For instance, I'm working on a story about art therapy now. Heck, when I started it I didn't know much about it at all more than it's name: People need therapy and get it by being encouraged to make art to free themselves up, right? Well, yes, but it's also a million other things. And last month, working a Hemp cover story--something I knew so much about from having worked that bailiwick for years at High Times--I had to not only relearn all I knew but learn all the new developments and new players in several countries to bring it up to speed.
You often know nothing about a story before you start. What do I know about iron workers? The high steel guys. Not much more than those old photos of the men having lunch on a beam on the 70th floor of the Chrysler building in New York City. So I started a story about some old graffiti on the highest beam in Fort Worth's old courthouse. I thought I'd track down the grandchildren of the men who signed their name to the beam in 1882. But first I had to find out why they signed their names. Juvenile delinquints? Former judges? Who knew?
It turned out, after I went to the Ironworker's union hall, that the guys who build a building, do the high beam work, always sign their name to the highest beam. That way, I was told, when someone comes to rip it down sometime in the future, they'll remember the guys who put it up in the first place.
Well, it turned out, for that story, that the graffiti wasn't really old at all. The building had been rebuilt in 1992, but the men signed 1882 because they had to rebuild it the way it was originally built: Carrying all those beams, old style riveting and such. "We built it like it was 1882, so that's how we signed it," I was told. Which, of course, left me with no story. Unless I was willing to dig into the men who are rebuilding Fort Worth today. Which I knew nothing about. But I asked questions, found 20 guys to talk with and learned a lot. I also got to ride in a basket lifted by a crane over 300 feet off the floor at the new Cowboy's stadium here in Texas so that the photographer could take photos looking down at the ironworkers building the roof.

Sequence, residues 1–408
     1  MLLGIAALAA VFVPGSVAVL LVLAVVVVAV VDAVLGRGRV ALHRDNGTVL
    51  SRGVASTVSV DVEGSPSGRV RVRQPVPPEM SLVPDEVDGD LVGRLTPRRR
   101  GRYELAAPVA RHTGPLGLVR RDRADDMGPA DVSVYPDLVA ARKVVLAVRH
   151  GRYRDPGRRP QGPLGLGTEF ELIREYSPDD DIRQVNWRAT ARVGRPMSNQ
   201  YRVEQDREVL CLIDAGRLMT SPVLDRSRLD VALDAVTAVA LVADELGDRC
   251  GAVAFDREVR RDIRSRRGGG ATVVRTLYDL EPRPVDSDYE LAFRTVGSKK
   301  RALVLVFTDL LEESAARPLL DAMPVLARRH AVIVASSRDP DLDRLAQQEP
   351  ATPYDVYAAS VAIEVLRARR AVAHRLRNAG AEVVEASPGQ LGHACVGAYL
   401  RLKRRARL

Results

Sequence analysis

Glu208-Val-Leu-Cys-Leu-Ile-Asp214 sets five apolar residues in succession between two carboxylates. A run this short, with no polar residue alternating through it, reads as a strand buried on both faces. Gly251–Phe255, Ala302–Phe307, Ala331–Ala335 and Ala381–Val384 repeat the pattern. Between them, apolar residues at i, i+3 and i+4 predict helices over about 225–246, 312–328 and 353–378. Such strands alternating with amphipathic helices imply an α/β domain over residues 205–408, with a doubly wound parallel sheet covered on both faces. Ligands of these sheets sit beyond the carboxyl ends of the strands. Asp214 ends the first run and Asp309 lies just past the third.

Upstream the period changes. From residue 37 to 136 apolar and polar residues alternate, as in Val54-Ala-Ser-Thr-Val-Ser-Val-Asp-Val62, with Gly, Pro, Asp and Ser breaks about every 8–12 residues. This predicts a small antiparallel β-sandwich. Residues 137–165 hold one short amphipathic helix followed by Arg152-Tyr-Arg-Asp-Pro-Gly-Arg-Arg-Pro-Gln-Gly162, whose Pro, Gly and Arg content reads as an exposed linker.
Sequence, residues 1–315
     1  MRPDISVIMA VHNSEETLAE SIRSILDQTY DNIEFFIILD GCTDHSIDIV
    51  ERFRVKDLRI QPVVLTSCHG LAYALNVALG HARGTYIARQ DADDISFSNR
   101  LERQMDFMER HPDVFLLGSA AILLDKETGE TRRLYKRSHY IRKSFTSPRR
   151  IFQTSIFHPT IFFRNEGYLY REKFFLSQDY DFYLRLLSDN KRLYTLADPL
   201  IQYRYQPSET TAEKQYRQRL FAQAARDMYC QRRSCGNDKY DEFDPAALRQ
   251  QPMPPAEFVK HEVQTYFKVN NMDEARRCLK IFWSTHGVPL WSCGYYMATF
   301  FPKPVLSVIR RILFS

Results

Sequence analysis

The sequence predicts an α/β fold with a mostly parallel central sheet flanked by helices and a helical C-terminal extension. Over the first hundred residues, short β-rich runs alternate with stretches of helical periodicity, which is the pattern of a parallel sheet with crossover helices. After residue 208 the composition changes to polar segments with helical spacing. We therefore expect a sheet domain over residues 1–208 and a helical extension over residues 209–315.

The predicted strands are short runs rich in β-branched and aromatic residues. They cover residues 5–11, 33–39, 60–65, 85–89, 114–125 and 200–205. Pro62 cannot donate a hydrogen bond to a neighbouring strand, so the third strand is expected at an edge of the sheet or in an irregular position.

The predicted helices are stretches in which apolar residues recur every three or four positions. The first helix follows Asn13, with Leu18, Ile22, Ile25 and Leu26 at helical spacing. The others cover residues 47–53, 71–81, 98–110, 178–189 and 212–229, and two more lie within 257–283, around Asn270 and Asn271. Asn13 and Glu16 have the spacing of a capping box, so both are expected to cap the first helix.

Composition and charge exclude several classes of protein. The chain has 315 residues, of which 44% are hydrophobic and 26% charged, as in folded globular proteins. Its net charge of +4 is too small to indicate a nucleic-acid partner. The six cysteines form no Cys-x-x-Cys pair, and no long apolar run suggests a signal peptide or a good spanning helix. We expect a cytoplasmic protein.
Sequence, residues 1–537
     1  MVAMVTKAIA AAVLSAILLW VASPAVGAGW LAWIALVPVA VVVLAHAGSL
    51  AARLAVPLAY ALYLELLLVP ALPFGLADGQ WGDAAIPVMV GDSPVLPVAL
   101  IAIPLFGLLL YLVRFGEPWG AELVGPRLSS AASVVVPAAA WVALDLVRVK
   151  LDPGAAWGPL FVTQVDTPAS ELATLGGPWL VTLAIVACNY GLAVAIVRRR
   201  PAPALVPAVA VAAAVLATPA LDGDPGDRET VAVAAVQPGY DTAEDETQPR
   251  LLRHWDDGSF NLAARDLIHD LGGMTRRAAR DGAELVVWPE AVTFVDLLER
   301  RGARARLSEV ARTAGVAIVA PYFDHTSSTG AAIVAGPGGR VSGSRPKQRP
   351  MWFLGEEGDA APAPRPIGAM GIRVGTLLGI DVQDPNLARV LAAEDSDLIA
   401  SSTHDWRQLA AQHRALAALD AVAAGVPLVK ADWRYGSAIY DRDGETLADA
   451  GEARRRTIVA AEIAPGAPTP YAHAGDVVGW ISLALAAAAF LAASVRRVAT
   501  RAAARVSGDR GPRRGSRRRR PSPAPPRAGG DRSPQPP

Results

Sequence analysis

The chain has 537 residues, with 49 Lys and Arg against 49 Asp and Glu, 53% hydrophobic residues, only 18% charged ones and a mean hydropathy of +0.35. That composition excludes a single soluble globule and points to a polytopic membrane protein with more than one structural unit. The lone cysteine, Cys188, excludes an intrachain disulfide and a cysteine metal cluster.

And by the time I finished that story I knew enough to write a book.
And it's that way with most of my stories--at least the investigative stories. You got to figure out what the story is, figure out where to get info on it in sufficient quantity that you can make sense asking people questions, figure out what the right questions are and then go ask. And every time I do that I'm like a sponge. I'm back in school all over again, only this time I'm paying attention.
Which is something my friend Chuck still can't believe. "Pete, you spent your entire college career just making up papers about books and topics you knew nothing about. And now you make a living actually learning things, reading things. I can't believe it."